DK Children’s Illustrated Bible. As I’ve said before, this is the best illustrated Bible I’ve ever seen. It’s appropriate for children without whitewashing the stories; and its pictures offer a more historical view of Bible history, which I love. Oh, and it’s little, so it fits nicely in a child’s hands.

The Golden Rule as Expressed by Cultures Around the World. Speaking of little, this gem of a book is short and sweet. Each page is dedicated to one version or another of the ubiquitous Golden Rule. I based one of my blogs (this one) on this particular book. It’s a great reminder of just how long we humans have been trying to treat each other as we wish to be treated — and how important it is to keep trying.

To enter, click here: http://bit.ly/17Ulo0P. Good luck, everyone!


  1. Chris says:

    I’ve been thinking about this one ever since you posted this, and still haven’t settled on an answer I find satisfying. But I’ll give it a go…

    I think, if I had to boil it down to one sentence, it would be something like “I want my daughter to know more about any given religion (ok, well, starting with at least the ‘big three’) than the average believer in that religion.” It’s partially for appreciation for/acceptance of other viewpoints, partially to be well-rounded, but perhaps a slight majority of my motivation is simply because so much of western culture, history, the arts, etc is only *really* understandable with at least some knowledge of religion. There’s probably more I could add, but that’s basically it, I guess.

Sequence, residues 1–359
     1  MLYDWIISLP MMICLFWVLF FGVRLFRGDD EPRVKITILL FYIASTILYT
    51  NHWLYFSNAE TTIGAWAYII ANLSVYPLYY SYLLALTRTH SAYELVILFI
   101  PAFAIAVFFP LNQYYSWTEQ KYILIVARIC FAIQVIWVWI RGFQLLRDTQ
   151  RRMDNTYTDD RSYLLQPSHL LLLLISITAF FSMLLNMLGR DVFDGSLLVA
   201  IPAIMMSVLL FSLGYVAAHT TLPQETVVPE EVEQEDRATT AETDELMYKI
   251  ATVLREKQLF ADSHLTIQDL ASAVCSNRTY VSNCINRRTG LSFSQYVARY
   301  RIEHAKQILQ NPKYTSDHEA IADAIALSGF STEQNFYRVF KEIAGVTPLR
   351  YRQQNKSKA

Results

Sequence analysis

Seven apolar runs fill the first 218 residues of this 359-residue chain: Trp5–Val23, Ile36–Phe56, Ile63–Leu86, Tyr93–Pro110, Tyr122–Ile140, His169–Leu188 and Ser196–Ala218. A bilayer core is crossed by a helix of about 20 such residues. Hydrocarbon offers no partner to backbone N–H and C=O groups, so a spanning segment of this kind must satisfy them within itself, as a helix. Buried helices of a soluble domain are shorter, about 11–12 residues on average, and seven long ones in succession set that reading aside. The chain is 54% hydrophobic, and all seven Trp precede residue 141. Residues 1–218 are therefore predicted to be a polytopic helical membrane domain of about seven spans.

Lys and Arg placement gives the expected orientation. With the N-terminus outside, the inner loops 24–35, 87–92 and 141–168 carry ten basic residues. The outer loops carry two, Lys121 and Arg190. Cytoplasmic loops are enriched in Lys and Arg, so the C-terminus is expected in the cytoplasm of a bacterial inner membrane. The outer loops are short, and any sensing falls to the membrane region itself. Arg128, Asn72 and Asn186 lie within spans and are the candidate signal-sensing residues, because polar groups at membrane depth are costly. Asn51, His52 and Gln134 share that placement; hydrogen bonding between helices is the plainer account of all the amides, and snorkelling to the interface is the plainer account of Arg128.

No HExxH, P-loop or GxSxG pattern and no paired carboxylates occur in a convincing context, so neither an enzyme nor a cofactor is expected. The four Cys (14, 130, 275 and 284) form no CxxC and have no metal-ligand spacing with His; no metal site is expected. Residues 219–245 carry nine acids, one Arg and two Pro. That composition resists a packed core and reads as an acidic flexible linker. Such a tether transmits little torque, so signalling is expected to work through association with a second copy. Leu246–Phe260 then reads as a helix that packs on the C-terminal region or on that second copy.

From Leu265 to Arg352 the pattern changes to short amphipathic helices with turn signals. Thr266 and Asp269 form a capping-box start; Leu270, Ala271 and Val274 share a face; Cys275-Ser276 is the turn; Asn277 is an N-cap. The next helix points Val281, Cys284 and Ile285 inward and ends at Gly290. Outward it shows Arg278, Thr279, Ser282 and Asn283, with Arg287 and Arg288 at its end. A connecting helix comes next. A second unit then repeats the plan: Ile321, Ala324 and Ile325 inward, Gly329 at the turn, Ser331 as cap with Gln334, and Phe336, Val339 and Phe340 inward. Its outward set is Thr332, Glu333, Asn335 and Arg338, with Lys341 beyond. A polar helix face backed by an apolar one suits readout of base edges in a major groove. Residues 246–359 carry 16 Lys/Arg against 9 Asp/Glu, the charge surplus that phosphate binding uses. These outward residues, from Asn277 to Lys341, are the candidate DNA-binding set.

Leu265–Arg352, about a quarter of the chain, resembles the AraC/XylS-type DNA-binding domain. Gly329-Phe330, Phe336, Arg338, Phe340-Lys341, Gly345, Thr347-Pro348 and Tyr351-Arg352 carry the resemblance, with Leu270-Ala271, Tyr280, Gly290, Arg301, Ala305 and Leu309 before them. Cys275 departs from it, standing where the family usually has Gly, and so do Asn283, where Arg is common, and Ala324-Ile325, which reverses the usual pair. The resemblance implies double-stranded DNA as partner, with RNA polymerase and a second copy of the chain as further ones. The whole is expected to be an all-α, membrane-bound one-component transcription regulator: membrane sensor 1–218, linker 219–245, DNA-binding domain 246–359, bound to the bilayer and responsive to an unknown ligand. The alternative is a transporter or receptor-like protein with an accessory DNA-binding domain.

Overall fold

I asked my wife how she would answer the “What should kids know about religion?” question. She looked up from her book, thought for about five seconds, and answered it quite simply: “That’s there’s more than one!”. That’s pithy, and pretty damn good, if you ask me. :-)

    …oooo, hey! That’s TWO answers…do we get entered twice? haha! ;-)

  2. Ashley says:

    We love playing “Fact, Fiction, or Belief” with our 6 and 4 year old daughters. This has really opened the door for us to talk about the importance of belief with people, and how we respect all and work to find out what our own is. We have an open door to talk about any aspects of religion and we foster the imagination and creativity of the kids to discuss the facts and culture surround religion, while still allowing for them to create and imagine beyond what is stated – spirituality and religion are still focused on the greatest mystery – so we want to foster that respect for the unknown and let them discover as much as they want, with or without a concrete religion.

  3. Fred C. says:

    “Religion” is the word you substitute for “mythology” when you can be heard by people who believe mythology.